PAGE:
On Mondays, when the smallest kids go down for a nap, I whip up something gooey and chocolate and stick paper straws into mason jars filled with lemonade.
Around here, Mondays mean that a handful of teenaged girls from the neighborhood are coming for a few hours of girl talk and all around foolishness and I am the resident mama managing the chaos. Sometimes, Jesus smiles upon me and sends a college girl to help me out on Mondays, but for the most part, it’s just little ol’ me.
I must tell you that although I have two teenaged daughters, teenage foolishness and conversation is not my jam. A house full of people who smell funny and act funny and look funny give me the willies. And when the peals of laughter reach a certain decibel, my eyes cross and I have to fight the urge to want to lose it. Lame, huh? I know.
But, hey, we’re all in process and so on Mondays, I put on my big girl panties and take a deep breath and fling open the front door, right at 2pm…and I wait…because no one is ever, ever on time.
And I use those few extra minutes to give Jesus my nub of a heart.
Jesus help me to see these girls as your beloved children. Help me to be patient and kind and loving. Help me to know what to say when their stories make my head roll and my heart ache. And help me to want to enter in and stay.
And on Monday nights, when everyone has gone home and I’m standing over the kitchen sink with suds up to my elbows, I often find myself wondering what in the world I am doing with these girls.
But two weeks ago, everything changed.
Well, not everything. Just my heart.
Two weeks ago, after two hours of girlish giggling and coming clean kind of conversation, things got quiet in the house. The bowls of dump cake had all but been licked clean and the jars of lemonade were empty and the girls were still hanging around, no one too eager to head home.
I was watching the clock, trying to find a way to usher the kids out the door, when one of the girls opened a brand new can of worms. She was sitting on an ottoman in front of the window and the light was spilling in behind her making the flecks of blond in her hair shimmer like gold. Her elbows were resting on her knees, her small frame bent forward, her mouth making words that I had long stopped hearing because my heart was stuck trying to absorb the very essence of her.
I watched her from my corner of the room trying to put my finger on exactly what I was feeling and why I was feeling it. I blinked, willing my eyes to see what my heart wasn’t seeing. Her feet were three shades of filthy. Her hair was stringy and needed a good washing. Her tank was too small, her chest too developed for her age. Her words were crass and vulgar, her story painful to hear.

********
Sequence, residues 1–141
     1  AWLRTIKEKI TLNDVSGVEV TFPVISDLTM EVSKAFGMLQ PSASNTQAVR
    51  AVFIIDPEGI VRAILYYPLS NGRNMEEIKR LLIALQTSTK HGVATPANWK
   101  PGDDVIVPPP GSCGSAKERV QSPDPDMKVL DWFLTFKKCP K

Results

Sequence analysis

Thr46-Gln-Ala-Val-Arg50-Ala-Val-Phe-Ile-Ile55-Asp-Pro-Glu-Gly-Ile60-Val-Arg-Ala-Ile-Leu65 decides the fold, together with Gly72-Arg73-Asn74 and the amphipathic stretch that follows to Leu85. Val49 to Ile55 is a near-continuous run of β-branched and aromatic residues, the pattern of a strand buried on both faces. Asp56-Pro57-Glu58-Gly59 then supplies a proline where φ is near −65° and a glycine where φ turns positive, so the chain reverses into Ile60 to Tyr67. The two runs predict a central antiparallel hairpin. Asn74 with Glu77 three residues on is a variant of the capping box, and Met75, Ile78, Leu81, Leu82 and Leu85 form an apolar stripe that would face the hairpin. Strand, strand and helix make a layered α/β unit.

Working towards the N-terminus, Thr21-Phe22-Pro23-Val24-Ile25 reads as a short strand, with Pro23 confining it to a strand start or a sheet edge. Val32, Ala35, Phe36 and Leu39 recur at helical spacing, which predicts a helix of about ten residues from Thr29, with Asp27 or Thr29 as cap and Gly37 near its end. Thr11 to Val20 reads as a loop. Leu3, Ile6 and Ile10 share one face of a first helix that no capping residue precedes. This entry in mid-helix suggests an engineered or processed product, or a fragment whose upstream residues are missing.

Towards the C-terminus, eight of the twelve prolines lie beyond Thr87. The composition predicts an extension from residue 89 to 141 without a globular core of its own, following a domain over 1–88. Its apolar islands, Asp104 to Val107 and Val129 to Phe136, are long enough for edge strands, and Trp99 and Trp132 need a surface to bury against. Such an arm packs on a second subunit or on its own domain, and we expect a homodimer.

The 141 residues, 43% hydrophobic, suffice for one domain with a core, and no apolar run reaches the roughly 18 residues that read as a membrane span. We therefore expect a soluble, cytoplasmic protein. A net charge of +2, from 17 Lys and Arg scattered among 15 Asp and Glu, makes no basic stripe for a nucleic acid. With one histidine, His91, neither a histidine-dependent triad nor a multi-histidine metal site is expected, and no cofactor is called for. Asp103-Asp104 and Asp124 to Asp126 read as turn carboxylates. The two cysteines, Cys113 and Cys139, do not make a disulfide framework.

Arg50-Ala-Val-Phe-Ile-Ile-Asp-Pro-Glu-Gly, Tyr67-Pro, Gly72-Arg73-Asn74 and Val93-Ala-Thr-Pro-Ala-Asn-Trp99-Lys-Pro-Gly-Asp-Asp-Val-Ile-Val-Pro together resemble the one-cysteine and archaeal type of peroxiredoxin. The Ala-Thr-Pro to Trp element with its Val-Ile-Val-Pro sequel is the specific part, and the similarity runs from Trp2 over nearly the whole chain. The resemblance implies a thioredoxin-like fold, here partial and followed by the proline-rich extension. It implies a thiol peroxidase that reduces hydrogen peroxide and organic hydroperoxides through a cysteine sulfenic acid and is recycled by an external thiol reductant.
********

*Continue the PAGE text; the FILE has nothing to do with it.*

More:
Yet in that moment, everything about her was lovely and good and precious to me and I could feel my heart welling up to hold all of her.
And all I could think was that this must be what it feels like to love my neighbor like Jesus loves me.
This afternoon, after putting the babies down for their nap, I grabbed a bowl and the bushel of pink-eyed purple hull peas waiting to be shelled and headed to the front porch for an hour of quiet shelling.
I was fifteen peas deep when I looked up to see my golden haired neighbor walking down the sidewalk in a tank that hugged her in all the right-wrong places. The porch was free space and I had nothing but time and a mess of peas to shell.
“You wanna join me?” I asked her. She nodded and pulled up a rocker.
I searched her face for a glimpse of the girl I saw on the ottoman in my home two weeks prior and when the light hit the edge of her nose just right, I smiled. There she is, I thought to myself. Right there.
And for a split second, I knew that I was looking at the very image of God.
We’re kin, you know? We, who walk the face of God’s green earth, belong to one another.
We are created in the image of God, teeming with a million little shards of glory, that in the right light, burst forth in such radiance that no one can deny the Creator’s fingerprints.
And you want to know what happens when we begin to see glimpses of God in each other?
We begin to move towards one another in awe of the glory residing underneath our skin.
We stop being judgmental and condemning and instead, begin to bear with one another in love.
This place is where hospitality rings the truest.
And this is the place where we come to know Jesus most intimately.